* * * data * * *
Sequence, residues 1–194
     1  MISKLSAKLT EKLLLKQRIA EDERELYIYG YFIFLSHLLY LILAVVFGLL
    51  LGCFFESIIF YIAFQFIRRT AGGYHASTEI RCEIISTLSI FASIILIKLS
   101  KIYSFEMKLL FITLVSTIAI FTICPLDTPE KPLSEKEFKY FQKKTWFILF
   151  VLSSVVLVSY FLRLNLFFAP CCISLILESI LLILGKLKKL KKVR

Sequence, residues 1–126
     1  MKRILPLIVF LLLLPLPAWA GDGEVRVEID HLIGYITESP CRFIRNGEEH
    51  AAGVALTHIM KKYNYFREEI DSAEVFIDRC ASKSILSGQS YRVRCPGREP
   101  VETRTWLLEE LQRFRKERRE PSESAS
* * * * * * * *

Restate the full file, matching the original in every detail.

Sequence, residues 1–194
     1  MISKLSAKLT EKLLLKQRIA EDERELYIYG YFIFLSHLLY LILAVVFGLL
    51  LGCFFESIIF YIAFQFIRRT AGGYHASTEI RCEIISTLSI FASIILIKLS
   101  KIYSFEMKLL FITLVSTIAI FTICPLDTPE KPLSEKEFKY FQKKTWFILF
   151  VLSSVVLVSY FLRLNLFFAP CCISLILESI LLILGKLKKL KKVR

Sequence, residues 1–126
     1  MKRILPLIVF LLLLPLPAWA GDGEVRVEID HLIGYITESP CRFIRNGEEH
    51  AAGVALTHIM KKYNYFREEI DSAEVFIDRC ASKSILSGQS YRVRCPGREP
   101  VETRTWLLEE LQRFRKERRE PSESAS